Steve, I would be interested in your thoughts on this article by by a theoretical partical physicist. It includes five twentieth-century scientific discoveries which “threw some twists in the plot” of the story of religion and science. It starts out:

"We often hear of a conflict between religion and science. Is there one? Certainly, some religious beliefs are scientifically untenable: for example, that the world is six thousand years old. However, for Jews and Christians not committed to a narrowly literalistic interpretation of Scripture, that kind of direct and clear–cut contradiction between scientific facts and religious doctrines does not exist. What many take to be a conflict between religion and science is really something else. It is a conflict between religion and materialism. ..."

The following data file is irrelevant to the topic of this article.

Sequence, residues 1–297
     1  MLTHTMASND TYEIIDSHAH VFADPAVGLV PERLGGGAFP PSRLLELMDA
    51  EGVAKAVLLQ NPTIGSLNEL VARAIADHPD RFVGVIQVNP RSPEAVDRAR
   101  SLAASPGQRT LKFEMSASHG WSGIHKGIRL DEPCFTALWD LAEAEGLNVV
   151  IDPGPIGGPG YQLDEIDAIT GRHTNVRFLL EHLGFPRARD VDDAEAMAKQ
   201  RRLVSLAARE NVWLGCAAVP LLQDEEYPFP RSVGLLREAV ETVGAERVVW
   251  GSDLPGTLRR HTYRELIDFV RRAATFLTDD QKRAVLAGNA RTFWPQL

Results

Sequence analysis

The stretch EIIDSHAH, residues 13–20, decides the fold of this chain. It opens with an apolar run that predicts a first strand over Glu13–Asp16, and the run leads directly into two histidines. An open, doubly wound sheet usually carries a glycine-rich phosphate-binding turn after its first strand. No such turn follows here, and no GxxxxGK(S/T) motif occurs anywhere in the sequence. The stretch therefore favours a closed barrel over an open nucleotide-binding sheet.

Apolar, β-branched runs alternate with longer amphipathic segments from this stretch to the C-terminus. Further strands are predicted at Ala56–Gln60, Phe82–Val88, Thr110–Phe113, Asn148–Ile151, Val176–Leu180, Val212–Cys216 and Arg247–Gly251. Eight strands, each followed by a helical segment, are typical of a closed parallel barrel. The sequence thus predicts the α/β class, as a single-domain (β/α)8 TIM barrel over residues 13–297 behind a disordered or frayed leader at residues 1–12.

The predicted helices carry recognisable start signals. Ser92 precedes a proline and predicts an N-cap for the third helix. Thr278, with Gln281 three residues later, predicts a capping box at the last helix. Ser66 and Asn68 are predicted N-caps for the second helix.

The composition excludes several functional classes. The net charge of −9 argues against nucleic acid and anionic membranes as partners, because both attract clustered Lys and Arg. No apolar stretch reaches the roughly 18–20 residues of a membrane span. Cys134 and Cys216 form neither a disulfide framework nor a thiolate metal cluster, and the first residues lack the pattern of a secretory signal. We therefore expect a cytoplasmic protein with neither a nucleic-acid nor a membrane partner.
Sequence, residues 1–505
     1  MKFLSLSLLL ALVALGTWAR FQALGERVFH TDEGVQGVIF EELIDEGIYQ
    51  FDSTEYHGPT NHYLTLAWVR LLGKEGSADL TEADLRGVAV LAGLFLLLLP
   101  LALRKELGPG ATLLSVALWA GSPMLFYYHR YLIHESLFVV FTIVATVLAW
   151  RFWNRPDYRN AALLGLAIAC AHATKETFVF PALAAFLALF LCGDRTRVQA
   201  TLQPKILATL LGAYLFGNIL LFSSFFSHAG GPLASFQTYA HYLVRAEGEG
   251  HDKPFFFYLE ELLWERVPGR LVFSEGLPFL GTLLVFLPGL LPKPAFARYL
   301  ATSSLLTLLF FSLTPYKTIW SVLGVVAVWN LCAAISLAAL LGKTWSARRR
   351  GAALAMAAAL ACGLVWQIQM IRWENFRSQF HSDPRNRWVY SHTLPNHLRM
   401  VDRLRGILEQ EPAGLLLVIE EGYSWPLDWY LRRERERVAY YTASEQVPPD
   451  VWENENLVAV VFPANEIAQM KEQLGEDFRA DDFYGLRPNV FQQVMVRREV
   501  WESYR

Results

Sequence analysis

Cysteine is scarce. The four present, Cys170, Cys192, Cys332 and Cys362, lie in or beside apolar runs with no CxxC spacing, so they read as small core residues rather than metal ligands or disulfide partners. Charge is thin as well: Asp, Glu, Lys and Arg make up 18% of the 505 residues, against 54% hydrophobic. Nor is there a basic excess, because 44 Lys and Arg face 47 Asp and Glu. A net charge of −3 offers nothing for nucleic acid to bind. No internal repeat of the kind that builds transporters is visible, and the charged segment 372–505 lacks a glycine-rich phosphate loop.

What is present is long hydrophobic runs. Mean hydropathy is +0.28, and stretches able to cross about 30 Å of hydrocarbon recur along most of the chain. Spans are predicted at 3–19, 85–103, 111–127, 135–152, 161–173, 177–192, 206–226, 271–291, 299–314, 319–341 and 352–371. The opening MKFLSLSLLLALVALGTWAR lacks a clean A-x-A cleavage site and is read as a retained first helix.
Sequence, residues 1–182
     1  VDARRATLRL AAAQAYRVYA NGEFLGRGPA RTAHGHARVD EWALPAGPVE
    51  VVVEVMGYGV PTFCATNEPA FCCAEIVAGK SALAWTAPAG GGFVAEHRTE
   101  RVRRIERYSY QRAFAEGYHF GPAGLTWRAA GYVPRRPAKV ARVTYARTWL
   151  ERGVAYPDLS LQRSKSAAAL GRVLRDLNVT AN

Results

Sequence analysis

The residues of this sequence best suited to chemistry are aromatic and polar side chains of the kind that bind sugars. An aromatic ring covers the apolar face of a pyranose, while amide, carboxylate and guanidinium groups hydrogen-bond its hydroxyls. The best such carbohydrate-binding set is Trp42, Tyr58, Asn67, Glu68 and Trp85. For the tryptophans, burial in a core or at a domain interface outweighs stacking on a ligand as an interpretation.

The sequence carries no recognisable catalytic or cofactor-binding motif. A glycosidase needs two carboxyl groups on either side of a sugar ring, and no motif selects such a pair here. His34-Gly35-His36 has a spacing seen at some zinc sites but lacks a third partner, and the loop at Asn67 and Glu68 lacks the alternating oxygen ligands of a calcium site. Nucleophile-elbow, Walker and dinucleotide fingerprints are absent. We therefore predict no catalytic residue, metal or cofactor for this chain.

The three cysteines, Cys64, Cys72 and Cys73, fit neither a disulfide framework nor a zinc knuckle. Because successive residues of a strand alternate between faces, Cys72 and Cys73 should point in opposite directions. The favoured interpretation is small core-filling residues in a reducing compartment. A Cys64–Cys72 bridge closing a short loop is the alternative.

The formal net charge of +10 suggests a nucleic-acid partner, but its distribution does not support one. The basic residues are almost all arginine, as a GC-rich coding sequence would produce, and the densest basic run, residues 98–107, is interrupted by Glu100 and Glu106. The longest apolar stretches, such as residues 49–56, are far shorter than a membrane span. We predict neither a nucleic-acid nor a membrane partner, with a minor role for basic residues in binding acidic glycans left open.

-Ryan.

steve the troll said...

I just think that a scientific worldview is a good one to have and to employ in every walk of life. That said, I think a scientific worldview would come to the conclusion that there may be a God out there, but there is no more evidence to support the existence of a divine being than there is evidence against it. I don't think this is asking too much.

If you disagree, and you are a scientist, you should probably think deeply about why you make exceptions to your own scientific standards, and if there are any other areas of your life where you do this.

If you say you don't know, that is being scientific. If you have reproducible data that proves God, then publish it. If you really have faith that God exists, then it doesn't make sense that you would have a career in science, because (at least in book religions) this life is temporary and anything outside of worship is sin.

Anonymous said...

"... anything outside of worship is sin."

Steve, I will grant you that you do easily defeat the strawmen you construct.